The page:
By Mike Kruzman & Jon King /

In the wake of allegations of racial harassment and violent threats disclosed by a Hartland High School student last week, a larger community effort is being made to examine the issues and seek change.

18-year-old Hartland Consolidated Schools student Tatayana Vanderlaan posted on Facebook about ongoing instances of racial intimidation that she said have been made against her from other students, culminating in a threat to "lynch" her. The Livingston County Sheriff’s Office is investigating the matter.

On Friday, representatives from all five Livingston County school districts, several charter schools, and the Livingston County Diversity Council, met to takes steps to look into why such incidents have taken place and how to prevent them in the future. Diversity Council President Nicole Matthews-Creech said they are in the beginning phase, and a good portion of their time was spent discussing how Vanderlaan and other students’ experiences should guide the committee. She said this was not an isolated incident and that others have had these experiences and may be experiencing secondary traumatization from what is happening.

Matthews-Creech added that at this point, the committee is looking at creating a baseline to see what programs, policies, and procedures exist at each school. Knowing each is different, once they have that survey, they can begin to share and work collaboratively.

One of Vanderlaan’s complaints was that teachers knew what was going on and ignored the racial abuse. Diversity Council member and Director for the Livingston County Dept. of Health and Human Services, Jennifer Tate, said that the effort needs to ensure that not only the community at large is educated regarding diversity, equity, and inclusion, but that specifically teachers and administrators are trained to report incidents. She said being afraid to come to school because of the color of your skin or feeling you don’t have adults around to protect you can be a serious issue for kids. A woman of color, herself, Tate said she’s been in situations in Livingston County where she’s not been treated fairly or respectfully and can feel Vanderlaan’s pain. She said when people don’t have the ability to advocate for themselves, it is the job of adults to do that. She called on adults to be the agents of change and said racism "isn’t something you’re born with, it’s learned." Tate said they want to teach kids within the community to respect people for who they are, and not what they look like.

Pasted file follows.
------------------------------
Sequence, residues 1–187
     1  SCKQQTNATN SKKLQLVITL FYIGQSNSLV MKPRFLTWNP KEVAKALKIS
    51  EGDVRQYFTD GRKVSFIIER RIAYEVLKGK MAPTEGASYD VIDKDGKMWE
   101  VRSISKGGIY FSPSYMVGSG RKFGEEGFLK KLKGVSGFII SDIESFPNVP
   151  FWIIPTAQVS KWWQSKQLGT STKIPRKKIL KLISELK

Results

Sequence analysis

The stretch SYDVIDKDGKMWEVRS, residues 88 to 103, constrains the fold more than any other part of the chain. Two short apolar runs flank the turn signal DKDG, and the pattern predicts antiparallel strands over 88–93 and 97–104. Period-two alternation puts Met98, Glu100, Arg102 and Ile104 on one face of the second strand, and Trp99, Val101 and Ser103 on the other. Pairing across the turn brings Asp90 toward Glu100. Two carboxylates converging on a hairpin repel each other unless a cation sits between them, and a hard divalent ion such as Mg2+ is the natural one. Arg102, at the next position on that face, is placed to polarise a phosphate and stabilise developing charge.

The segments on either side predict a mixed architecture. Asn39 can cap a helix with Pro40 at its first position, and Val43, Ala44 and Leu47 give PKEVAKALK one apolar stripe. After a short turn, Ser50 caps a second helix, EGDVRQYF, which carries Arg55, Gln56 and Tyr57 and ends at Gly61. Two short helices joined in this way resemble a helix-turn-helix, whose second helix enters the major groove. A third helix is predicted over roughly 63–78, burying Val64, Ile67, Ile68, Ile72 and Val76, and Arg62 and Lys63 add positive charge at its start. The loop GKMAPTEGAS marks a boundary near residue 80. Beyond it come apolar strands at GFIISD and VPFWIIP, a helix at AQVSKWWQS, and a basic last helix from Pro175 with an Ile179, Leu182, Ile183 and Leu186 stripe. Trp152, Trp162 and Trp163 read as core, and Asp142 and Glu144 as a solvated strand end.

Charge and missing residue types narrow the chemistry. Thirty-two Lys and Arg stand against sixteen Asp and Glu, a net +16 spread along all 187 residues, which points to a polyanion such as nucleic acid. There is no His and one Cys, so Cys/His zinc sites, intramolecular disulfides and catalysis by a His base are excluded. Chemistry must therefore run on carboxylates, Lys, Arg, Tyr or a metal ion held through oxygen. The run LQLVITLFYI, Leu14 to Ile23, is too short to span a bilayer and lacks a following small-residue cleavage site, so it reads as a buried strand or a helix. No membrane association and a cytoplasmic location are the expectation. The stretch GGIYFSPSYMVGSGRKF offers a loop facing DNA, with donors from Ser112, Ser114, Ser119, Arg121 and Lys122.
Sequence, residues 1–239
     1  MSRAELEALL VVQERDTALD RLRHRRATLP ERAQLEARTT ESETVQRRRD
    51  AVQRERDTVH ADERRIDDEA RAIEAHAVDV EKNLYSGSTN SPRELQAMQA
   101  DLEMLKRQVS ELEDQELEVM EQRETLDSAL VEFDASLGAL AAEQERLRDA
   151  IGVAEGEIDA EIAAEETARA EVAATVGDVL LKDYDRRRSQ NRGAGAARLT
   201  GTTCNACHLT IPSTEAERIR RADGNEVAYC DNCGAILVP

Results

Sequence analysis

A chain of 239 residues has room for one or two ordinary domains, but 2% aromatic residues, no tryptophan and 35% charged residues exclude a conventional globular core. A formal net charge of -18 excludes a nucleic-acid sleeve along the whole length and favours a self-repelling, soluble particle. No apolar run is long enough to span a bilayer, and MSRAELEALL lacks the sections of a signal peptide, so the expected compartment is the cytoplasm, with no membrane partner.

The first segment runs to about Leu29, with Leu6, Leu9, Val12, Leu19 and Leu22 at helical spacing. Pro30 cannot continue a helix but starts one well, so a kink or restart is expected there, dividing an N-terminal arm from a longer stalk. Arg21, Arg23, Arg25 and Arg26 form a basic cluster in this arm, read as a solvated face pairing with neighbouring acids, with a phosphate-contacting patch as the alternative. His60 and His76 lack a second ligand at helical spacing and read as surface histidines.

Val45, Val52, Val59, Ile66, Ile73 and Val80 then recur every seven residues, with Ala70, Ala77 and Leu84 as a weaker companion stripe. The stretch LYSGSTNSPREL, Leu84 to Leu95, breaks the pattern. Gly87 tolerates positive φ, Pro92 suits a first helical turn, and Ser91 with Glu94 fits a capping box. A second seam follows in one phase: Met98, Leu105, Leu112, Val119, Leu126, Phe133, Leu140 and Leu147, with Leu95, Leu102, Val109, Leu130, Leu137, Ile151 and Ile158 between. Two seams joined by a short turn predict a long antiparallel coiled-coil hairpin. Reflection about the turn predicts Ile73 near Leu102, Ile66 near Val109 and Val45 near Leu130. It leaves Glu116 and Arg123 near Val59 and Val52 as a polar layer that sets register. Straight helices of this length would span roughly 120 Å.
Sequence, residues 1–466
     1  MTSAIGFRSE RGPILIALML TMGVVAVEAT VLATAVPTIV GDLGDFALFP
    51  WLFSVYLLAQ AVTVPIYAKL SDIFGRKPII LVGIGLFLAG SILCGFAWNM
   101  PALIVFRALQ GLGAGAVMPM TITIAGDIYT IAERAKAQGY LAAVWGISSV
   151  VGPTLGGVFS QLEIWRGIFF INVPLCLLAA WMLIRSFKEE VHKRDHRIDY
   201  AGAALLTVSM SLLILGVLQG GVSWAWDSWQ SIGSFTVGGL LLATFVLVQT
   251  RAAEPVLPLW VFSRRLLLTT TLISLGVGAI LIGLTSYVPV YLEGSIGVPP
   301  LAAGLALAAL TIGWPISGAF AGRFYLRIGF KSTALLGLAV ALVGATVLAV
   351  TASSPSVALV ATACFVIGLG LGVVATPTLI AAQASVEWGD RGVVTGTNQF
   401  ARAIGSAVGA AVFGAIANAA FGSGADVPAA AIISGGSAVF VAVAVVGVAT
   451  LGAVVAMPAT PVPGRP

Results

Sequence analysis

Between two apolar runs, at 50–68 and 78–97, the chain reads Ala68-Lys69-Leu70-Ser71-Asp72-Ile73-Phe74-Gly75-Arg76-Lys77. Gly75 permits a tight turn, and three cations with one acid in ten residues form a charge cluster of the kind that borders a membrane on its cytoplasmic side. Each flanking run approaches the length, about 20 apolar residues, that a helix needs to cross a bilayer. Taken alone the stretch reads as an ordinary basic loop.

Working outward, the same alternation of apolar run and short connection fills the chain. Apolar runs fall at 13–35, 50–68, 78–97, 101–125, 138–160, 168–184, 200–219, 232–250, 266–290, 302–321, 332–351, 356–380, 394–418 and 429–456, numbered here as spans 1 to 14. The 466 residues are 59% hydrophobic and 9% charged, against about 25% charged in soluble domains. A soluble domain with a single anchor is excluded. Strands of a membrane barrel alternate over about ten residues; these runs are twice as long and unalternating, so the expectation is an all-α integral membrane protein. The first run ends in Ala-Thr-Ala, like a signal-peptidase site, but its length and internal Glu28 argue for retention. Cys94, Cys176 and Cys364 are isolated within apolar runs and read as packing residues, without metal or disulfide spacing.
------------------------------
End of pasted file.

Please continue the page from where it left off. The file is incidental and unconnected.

Tate and Matthews-Creech were guests on Sunday’s Viewpoint program. You can hear that conversation by Clicking Here.